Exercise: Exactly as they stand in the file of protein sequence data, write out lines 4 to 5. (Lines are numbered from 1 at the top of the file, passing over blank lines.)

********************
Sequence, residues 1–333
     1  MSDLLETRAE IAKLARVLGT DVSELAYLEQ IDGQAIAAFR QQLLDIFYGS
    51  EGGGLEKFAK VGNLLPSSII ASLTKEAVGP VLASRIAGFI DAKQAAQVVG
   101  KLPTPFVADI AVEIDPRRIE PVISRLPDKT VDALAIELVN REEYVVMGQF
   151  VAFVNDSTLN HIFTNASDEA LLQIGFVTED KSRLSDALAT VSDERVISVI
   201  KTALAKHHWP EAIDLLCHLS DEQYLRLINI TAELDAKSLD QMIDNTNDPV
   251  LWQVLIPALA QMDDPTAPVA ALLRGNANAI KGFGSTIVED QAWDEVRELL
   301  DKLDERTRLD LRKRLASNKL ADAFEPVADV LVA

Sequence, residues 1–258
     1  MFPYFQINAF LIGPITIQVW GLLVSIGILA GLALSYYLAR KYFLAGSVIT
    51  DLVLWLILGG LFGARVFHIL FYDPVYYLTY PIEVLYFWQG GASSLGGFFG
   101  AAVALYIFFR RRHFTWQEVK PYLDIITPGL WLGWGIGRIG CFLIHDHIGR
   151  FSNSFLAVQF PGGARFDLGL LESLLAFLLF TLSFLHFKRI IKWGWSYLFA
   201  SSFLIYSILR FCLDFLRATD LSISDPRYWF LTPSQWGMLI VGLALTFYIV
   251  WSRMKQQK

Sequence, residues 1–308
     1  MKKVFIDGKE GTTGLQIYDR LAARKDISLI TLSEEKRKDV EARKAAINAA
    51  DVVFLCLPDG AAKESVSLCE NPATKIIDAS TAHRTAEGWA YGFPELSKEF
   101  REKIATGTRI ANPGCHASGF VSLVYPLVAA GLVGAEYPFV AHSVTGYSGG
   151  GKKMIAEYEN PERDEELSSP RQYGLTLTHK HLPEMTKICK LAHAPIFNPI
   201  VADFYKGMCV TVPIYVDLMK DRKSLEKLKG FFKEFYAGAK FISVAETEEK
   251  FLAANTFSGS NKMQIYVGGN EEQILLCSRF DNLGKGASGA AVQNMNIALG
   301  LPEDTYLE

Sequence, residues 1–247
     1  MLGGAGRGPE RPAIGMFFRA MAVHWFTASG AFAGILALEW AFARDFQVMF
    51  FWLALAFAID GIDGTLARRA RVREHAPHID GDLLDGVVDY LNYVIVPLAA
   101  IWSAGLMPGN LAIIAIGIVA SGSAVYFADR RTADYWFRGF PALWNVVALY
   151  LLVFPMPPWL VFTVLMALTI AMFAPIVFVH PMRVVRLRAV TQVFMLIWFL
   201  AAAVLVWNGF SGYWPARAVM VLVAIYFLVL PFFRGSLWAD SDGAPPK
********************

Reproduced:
   101  KLPTPFVADI AVEIDPRRIE PVISRLPDKT VDALAIELVN REEYVVMGQF
   151  VAFVNDSTLN HIFTNASDEA LLQIGFVTED KSRLSDALAT VSDERVISVI